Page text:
The problem with demoktesis

Let’s start wrapping up our review of Chapter 9 of Anarchy, State, and Utopia (ASU) by taking stock of Robert Nozick’s mind-blowing thought experiment in this chapter. In summary, Nozick imagines a collective corporate entity or Great Corporation in which “each person owns exactly one share in each right over every other person, including himself.” (ASU, p. 285.) In other words, each person has an equal say in the lives of all others. Furthermore, Nozick coins a new term to christen this system: demoktesis or “ownership of the people, by the people, and for the people” (p. 290). What is so terrible about this imaginary scheme? It turns out there are two big problems with demoktesis. One is the problem of holdouts. According to Nozick (pp. 289-290), persons who refuse to participate in this scheme would not be allowed to remain in the same territory in which the great corporation operated; nor would they be allowed to create a competing corporation. For my part, my initial response to this argument was to push back against Nozick’s conclusions regarding holdouts. His entire scheme is imaginary, so why can’t we imagine an alternative world consisting of competing human corporate conglomerates?

But in any case, the holdout problem pales in comparison to the other major problem with demoktesis: the fact that it is the functional equivalent of slavery. Think about it for a moment. Imagine that you were a member of this collective scheme, a shareholder in this Great Corporation. You would not get to decide for yourself what activities to engage in or refrain from engaging in. Instead, you would have to abide by the decision of a majority of your fellow shareholders. (We assume the rule of decision to be followed is majority rule; in reality, many other voting systems are possible.) Worse yet, the deeper irony is that demoktesis is essentially the system we are living under today! As Nozick notes (p. 290),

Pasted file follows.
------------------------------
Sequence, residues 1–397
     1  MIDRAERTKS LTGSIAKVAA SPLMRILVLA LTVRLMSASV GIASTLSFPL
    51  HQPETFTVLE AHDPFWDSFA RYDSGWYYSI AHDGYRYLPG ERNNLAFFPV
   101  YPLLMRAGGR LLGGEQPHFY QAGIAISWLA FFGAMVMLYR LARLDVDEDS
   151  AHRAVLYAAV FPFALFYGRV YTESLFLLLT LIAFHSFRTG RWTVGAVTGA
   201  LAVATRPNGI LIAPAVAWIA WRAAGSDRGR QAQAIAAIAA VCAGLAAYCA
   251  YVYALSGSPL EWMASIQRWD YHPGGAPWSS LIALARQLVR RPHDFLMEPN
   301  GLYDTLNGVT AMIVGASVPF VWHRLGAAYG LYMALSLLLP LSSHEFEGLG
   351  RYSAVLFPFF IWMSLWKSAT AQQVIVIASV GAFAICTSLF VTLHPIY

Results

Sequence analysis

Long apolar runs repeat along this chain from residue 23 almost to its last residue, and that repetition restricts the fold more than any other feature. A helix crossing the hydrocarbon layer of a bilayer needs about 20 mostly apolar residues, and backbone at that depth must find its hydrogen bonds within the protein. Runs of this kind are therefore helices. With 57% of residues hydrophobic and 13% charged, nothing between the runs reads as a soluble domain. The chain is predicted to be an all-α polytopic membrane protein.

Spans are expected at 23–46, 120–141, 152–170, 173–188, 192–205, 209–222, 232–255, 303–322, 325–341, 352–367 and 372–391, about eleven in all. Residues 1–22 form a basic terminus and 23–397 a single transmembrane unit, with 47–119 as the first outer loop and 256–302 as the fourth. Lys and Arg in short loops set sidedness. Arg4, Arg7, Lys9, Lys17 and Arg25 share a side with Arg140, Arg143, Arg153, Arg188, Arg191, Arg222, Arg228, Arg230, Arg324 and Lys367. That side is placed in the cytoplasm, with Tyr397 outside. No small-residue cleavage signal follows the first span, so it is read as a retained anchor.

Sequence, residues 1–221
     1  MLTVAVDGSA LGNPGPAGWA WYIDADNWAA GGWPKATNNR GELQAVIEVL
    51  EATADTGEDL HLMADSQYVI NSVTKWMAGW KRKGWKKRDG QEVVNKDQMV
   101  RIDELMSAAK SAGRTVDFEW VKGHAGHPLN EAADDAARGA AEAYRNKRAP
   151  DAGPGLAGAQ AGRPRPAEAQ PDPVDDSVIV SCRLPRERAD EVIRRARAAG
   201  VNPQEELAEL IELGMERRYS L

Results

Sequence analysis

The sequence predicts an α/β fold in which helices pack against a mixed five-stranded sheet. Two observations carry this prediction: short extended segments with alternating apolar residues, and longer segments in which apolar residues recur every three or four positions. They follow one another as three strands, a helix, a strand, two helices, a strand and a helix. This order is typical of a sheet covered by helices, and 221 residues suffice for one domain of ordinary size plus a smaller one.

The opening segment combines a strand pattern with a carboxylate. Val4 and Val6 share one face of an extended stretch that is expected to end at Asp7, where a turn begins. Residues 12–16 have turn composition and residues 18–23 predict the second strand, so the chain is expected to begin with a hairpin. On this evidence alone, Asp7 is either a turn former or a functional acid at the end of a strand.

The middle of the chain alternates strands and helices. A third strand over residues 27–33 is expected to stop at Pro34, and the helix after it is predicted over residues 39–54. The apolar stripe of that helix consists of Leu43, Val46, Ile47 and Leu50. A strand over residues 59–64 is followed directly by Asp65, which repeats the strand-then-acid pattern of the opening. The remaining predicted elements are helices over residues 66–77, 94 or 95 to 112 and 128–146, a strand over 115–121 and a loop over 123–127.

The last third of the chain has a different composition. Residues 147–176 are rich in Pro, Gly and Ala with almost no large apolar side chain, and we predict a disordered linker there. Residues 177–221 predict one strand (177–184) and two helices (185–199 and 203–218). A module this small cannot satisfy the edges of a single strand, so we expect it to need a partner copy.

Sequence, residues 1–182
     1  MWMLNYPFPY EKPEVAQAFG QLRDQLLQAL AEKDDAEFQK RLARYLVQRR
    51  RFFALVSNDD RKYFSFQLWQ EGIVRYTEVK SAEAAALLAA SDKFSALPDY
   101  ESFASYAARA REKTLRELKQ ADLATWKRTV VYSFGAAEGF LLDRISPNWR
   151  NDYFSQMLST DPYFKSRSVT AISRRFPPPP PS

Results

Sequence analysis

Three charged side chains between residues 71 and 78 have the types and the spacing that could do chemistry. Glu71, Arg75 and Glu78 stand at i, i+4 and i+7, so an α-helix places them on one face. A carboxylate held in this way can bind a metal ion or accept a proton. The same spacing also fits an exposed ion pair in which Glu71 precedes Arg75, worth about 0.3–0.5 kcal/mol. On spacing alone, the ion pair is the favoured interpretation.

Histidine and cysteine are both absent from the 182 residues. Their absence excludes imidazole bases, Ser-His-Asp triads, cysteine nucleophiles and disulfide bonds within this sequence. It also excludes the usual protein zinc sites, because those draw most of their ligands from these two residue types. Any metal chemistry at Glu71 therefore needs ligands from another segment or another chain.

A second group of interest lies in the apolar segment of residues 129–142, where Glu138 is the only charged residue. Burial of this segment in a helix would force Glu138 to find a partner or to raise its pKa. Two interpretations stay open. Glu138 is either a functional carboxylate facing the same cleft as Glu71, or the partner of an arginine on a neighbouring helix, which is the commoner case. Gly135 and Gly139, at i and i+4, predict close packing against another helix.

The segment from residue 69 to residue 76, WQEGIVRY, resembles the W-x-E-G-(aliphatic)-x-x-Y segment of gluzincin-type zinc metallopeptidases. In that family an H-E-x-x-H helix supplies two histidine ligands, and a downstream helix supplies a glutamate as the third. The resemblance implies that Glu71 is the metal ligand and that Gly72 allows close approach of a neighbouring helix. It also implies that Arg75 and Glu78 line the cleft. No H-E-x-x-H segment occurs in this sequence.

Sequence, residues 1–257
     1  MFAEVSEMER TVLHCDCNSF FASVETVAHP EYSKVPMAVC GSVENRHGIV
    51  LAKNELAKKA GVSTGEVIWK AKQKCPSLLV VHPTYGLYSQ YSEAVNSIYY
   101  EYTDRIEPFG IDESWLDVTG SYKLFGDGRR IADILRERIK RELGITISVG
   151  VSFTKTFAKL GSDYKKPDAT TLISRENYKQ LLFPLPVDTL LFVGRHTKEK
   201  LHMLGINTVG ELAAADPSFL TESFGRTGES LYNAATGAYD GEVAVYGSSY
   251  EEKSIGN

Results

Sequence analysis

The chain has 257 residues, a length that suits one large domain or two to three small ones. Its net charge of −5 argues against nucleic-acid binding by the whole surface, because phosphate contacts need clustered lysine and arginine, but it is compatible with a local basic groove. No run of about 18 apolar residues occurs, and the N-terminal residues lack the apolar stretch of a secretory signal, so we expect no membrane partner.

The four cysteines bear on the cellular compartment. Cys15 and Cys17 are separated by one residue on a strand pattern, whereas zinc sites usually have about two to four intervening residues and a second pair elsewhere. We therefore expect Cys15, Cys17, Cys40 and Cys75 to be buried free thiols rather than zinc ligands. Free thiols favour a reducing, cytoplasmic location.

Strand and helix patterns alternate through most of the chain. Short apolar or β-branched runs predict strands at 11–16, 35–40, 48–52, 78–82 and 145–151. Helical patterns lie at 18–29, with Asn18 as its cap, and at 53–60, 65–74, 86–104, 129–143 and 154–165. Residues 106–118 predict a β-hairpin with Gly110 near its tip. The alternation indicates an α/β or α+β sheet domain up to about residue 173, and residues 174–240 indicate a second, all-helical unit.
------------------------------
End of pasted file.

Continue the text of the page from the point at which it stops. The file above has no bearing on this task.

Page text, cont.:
“In elaborating this eldritch tale we have arrived … at what is recognizable as a modern state, with its vast panoply of powers over its citizens. Indeed, we have arrived at a democratic state. Our hypothetical account of how it might arise from a minimal state without any blatant violation of anyone’s rights through a series of individual steps each arguably unobjectionable has placed us in a better position to focus upon and ponder the essential nature of such a state and its fundamental mode of relationship among persons.”

Horrors!!! Is Nozick right? Have we become slaves? We will conclude our review of Chapter 9 of ASU in our next post.

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About F. E. Guerra-Pujol

When I’m not blogging, I am a business law professor at the University of Central Florida.
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2 Responses to The problem with demoktesis

  1. Kathy H says:

    I think the above analysis is beyond my grasp. For the corporation to work the participants would have to truly vote for the good of one and therefore the good of all. Their vote would not impinge on the rights of others in the group. This is imaginary because I don’t think such a “true democracy” exists. This is where there is conflict. Someone who did not want to participate in the Corporation would be doing so for their own benefit and not the benefit of the group. i.e. I will not pay taxes because I don’t want to be governed by the Corporation. Yet they get the benefit of roads, clean water, etc. I don’t see the Corporation as the en-slaver, although it easily could be or visa versa the one who does not want to participate could be the en-slaver.

    • Those are good points. By the end of Chapter 9, even Nozick himself ends up conceding that the Great Corporation is not enslavement so long as your consent to joining the Corporation is truly voluntary. So, the question comes down to this: how many people would want to join this scheme, if given the choice?

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